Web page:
Figure 2: Modern low profile adjustable button implants are used to fix the graft at both ends.
Figure 2: Modern low profile adjustable button implants are used to fix the graft at both ends.

What are the advantages of all inside ACL reconstruction techniques?

Short sockets instead of full length tunnels are created into the bones during all-inside ACL reconstruction. This can be done by using specialized small diameter drills that can be expanded to a 9-10 mm diameter in the joint during surgery (Video 1). 25-30 mm sockets can be created without penetrating the outer wall (cortex) of the bone. This results in less bleeding and pain after surgery. Less bleeding means a lower risk of infection. The graft is fixed into these tunnels under appropriate tension using low profile button devices. The staples and screw-washer implants used in classical techniques may cause pain and skin irritation in some patients and may need to be removed. The low profile implants used in all-inside ACL reconstructions obviate the need for implant removal. Smaller skin cuts can be used for all-inside techniques, this also improves the cosmesis.

Video 1: All-inside ACL reconstruction.

Is all inside ACL reconstruction more difficult for the patient/surgeon?

All inside ACL reconstruction techniques result in less pain and rapid recovery after surgery compared to the classical technique. There is no increase in the operation time. However, the surgical technique is more complex than the classical one, and surgeon experience is an important factor for a successful outcome. Specialized instruments and equipment are also needed for this type of surgery.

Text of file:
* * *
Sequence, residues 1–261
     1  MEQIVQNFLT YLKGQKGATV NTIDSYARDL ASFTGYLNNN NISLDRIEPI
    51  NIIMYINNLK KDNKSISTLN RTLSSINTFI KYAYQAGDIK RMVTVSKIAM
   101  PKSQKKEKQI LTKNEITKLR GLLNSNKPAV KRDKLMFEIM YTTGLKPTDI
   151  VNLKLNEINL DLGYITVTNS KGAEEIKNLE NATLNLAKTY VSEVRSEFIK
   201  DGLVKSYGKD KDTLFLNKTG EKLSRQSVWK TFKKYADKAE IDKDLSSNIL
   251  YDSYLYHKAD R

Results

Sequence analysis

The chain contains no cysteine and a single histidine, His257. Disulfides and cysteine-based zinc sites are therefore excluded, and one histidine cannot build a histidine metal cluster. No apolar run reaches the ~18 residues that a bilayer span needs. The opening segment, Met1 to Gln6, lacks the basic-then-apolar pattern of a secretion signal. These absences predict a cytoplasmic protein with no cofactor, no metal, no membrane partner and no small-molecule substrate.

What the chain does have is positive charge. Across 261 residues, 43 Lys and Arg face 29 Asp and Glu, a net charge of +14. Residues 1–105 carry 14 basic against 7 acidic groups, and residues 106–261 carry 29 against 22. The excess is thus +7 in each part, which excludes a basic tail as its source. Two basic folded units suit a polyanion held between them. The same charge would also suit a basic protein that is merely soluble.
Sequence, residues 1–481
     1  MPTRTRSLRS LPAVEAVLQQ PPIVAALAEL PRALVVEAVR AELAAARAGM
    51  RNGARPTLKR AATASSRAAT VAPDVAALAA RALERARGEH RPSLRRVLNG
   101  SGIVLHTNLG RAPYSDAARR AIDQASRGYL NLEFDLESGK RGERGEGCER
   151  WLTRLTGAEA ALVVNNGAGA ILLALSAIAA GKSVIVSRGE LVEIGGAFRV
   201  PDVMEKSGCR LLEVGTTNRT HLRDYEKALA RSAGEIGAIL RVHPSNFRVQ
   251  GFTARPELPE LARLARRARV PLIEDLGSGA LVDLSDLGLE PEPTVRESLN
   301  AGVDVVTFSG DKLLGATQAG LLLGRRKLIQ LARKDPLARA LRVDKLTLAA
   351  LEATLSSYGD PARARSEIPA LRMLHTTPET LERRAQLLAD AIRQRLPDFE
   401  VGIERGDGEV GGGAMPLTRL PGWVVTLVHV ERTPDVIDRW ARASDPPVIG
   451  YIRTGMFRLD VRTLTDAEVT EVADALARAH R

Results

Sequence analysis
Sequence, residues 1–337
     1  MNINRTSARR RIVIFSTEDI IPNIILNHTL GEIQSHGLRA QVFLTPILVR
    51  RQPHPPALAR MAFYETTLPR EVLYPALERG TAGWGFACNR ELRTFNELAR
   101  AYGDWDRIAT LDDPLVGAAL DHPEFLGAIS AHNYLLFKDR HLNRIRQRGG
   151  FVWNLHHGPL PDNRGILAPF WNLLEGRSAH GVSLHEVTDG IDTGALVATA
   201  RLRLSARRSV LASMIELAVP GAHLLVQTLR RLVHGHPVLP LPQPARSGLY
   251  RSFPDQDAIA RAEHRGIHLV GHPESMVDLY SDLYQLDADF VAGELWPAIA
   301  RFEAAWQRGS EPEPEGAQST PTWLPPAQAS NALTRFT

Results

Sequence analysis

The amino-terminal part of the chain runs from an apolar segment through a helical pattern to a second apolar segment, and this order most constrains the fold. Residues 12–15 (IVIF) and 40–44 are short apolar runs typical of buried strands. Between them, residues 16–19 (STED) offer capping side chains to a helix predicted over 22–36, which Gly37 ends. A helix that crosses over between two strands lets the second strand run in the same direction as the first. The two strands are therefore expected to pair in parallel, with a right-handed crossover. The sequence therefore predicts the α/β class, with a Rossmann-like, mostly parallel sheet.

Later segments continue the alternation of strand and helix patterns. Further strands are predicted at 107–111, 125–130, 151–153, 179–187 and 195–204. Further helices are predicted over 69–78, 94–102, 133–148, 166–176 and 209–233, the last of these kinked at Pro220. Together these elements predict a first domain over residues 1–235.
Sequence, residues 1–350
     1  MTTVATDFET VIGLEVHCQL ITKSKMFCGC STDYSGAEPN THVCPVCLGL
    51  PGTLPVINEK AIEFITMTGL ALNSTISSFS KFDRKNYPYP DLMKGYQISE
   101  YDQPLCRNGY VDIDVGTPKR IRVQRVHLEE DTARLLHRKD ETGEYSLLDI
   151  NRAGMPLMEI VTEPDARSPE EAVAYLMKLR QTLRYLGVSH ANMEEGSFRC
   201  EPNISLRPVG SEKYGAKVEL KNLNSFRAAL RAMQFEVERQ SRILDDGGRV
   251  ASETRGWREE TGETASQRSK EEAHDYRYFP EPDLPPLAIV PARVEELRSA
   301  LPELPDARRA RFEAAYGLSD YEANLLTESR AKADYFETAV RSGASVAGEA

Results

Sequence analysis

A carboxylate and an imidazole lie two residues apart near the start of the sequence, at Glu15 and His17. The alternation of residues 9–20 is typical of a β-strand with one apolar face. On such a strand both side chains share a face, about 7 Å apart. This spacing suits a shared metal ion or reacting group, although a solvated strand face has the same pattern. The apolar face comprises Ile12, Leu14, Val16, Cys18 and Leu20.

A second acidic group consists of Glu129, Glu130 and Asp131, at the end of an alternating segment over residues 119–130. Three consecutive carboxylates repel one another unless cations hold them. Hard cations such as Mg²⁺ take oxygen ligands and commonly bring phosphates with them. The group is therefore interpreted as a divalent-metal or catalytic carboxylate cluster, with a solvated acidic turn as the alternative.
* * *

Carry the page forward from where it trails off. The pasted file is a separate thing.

How are the outcomes of all inside ACL reconstructions?

The mid term outcomes of all inside ACL reconstructions are comparable to other modern ACL reconstruction techniques (1,3). However, the early postoperative period is more comfortable in patients with all inside ACL reconstructions. The harvest of a single hamstring graft results in superior knee flexor muscle strength, which is important for sports requiring explosive muscle force during sprints. The avoidance of a large diameter screw in the tibial tunnel results in less bone loss and tunnel widening; this is an advantage should a subsequent surgery be required (2).


  1. Connaughton AJ, Geeslin AG, Uggen CW. All-inside ACL reconstruction: How does it compare to standard ACL reconstruction techniques? J Orthop. 2017 Mar 19;14(2):241-246.
  2. Monaco E, Fabbri M, Redler A, Gaj E, De Carli A, Argento G, Saithna A, Ferretti A. Anterior cruciate ligament reconstruction is associated with greater tibial tunnel widening when using a bioabsorbable screw compared to an all-inside technique with suspensory fixation. Knee Surg Sports Traumatol Arthrosc. 2018 Nov7. doi: 10.1007/s00167-018-5275-x.
  3. Blackman AJ, Stuart MJ. All-inside anterior cruciate ligament reconstruction. J Knee Surg. 2014 Oct;27(5):347-52.

© Prof. Dr. Reha Tandoğan - Op. Dr. Asım Kayaalp